Senator George Borrello Joins Senator Diane Savino in Legislation to Strengthen State’s Care of Mentally Ill

Legislation would expand the scope of Kendra’s Law and broaden the standard for involuntary hospitalization of the most severely mentally ill

ALBANYWith the state experiencing a worsening crisis of untreated, serious mental illness, particularly in its largest cities, Senator George Borrello has joined Senator Diane Savino in proposing legislation (S.8508A) that would close gaps in the state’s mental health system that are preventing affected individuals from receiving the intensive level of care they require.

“It is clear to everyone that our state is failing the most seriously mentally ill and all too often, that is resulting in tragic consequences,” said Senator Borrello. “While the majority of mentally ill people are not violent, it is impossible to ignore the alarming increase in violence against innocent people committed by mentally ill individuals. From the subway-shoving death of Michelle Go, to the fatal shooting of two young NYPD officers, to countless subway slashings and assaults, innocent New Yorkers are paying the price for the state’s failure to address this problem.”

“Untreated mental illness also condemns those suffering to a cruel and miserable life, one that is more likely to include homelessness, drug and alcohol abuse, dangerous confrontations with law enforcement and even suicide. Very simply, it is in everyone’s best interest to create a stronger safety net around seriously mentally ill individuals and that is what this legislation seeks to accomplish,” said Senator Borrello. “I am proud to be a co-prime sponsor with Senator Savino on this bill and share her commitment to seeing it become law.”

A key provision of the measure would strengthen Kendra’s Law by allowing longer hospital stays for people who fail to follow their court-mandated, assisted outpatient treatment (AOT). Current law allows for an involuntary, 72-hour hospitalization, a timeframe that is often inadequate to stabilize a patient. In these instances, the bill would allow mental health professionals to request longer hospital stays.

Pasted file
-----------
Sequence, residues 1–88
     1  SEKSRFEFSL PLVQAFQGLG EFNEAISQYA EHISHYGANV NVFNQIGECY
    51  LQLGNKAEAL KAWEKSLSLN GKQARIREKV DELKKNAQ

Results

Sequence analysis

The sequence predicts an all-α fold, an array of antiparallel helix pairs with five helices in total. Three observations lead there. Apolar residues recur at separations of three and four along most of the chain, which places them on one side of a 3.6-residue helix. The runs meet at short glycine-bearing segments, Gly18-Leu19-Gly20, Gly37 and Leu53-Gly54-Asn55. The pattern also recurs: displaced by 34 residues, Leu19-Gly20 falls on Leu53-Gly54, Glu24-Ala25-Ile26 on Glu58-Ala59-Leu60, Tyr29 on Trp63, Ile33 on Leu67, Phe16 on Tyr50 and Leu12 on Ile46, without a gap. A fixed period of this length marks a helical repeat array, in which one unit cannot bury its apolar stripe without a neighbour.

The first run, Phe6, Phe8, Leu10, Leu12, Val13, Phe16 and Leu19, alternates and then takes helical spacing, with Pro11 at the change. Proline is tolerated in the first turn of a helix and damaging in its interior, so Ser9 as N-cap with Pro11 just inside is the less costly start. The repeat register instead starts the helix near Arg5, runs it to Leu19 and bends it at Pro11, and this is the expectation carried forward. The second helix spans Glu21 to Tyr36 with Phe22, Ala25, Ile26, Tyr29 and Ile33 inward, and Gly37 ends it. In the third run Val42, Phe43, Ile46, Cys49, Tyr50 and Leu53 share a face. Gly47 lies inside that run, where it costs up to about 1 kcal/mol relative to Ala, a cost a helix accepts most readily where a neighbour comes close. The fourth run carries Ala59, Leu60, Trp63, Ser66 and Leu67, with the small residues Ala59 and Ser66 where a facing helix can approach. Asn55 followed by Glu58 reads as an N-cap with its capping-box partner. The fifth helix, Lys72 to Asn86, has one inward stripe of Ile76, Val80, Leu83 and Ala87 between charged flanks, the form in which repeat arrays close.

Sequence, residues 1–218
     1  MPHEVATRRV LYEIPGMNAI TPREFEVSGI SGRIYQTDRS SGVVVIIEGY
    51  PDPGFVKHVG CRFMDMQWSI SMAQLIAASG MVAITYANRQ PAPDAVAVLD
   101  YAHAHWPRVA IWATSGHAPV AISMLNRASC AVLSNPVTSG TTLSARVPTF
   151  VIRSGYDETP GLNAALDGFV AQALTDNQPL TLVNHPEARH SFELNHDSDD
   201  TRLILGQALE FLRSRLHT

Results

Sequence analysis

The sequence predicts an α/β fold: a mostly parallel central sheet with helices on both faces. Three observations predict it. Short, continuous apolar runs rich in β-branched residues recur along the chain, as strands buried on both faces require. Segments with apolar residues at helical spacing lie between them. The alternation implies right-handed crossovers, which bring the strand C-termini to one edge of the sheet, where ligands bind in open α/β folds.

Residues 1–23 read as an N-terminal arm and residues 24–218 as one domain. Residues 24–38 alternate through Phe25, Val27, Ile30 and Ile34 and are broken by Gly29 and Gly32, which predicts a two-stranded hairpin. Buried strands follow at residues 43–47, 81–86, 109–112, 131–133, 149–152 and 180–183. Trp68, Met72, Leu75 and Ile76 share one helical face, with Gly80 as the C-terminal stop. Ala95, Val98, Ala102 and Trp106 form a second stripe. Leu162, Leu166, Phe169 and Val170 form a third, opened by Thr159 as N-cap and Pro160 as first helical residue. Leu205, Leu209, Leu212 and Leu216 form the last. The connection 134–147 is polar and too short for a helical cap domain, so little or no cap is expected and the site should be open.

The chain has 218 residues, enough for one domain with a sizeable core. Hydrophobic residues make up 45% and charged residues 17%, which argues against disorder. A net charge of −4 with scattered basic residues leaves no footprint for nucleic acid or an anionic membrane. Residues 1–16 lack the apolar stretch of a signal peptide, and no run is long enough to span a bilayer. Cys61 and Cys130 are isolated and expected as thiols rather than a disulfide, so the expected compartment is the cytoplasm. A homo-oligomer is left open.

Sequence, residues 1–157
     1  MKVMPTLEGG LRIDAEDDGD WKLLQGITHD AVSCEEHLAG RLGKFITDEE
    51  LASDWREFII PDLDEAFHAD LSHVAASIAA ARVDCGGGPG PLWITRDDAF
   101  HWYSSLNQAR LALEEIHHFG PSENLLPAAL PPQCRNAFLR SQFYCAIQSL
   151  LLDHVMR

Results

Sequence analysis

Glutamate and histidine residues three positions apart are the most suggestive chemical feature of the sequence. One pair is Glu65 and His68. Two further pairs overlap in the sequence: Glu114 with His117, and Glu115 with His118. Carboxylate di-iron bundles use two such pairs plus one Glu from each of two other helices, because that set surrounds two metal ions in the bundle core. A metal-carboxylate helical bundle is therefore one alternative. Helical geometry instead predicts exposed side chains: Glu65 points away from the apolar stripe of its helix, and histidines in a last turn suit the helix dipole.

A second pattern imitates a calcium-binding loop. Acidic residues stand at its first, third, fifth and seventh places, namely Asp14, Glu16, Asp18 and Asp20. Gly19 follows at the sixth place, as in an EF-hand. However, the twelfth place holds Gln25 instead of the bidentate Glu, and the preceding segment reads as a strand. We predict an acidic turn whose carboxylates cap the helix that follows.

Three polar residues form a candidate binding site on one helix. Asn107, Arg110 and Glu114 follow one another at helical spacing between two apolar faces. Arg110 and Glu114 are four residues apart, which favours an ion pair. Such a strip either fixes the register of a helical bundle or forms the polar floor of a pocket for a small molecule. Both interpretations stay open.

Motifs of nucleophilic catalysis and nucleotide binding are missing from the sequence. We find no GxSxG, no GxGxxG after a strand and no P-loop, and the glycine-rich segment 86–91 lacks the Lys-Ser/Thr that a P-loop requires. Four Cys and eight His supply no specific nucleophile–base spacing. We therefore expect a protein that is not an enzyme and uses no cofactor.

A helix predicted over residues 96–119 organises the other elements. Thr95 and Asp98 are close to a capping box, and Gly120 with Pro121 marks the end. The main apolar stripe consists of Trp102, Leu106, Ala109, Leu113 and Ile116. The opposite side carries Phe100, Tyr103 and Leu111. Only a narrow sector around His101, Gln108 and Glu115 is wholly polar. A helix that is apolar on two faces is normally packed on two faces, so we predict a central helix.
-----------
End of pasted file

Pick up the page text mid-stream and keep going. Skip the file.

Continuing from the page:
Kendra’s Law is named in honor of Kendra Webdale of Fredonia, New York, who was tragically killed by a man with a long history of schizophrenia in a subway-shoving incident in New York City in 1999. She was a friend and schoolmate of Senator Borrello’s during their years at Fredonia High School.

“Kendra’s Law was spurred by a preventable and horrific tragedy that took the life of a kind, gifted young woman and a friend from my high school days. However, that tragedy gave us an important tool for helping seriously mentally ill people access lifesaving treatment,” said Senator Borrello. “With the law up for renewal in June, now is the time to take steps to improve it, in coordination with other efforts to tackle this problem.”   

Another major component of the legislation would broaden the standard for involuntary hospitalization if an individual’s mental illness renders them unable to meet their own basic needs such as food, shelter, clothing or health care. This is the standard recognized by most other states.  

“The broader standard for inpatient hospitalization would bring New York into alignment with other states and recognize the common-sense truth that if your illness leaves you unable to meet the basic needs for survival, that constitutes as much of a ‘danger to yourself’ as being suicidal,” said Senator Borrello. “Expanding this definition would allow us to help the seriously ill among our homeless population, giving these people a chance at a safer, more stable life.”

“Combined with more funding to restore the hundreds of psychiatric beds that our state has lost over the last two decades, these changes could produce better outcomes for those with serious mental illness while preventing tragedies like the ones that took the lives of Kendra Webdale, Michelle Go, and so many other New Yorkers,” said Borrello. “Allowing mentally ill individuals to languish on the streets, tortured by delusions, isn’t ‘compassion’ it’s cruel and it’s dangerous. I urge my colleagues on both sides of the aisle to join us in supporting these long overdue and humane changes.”

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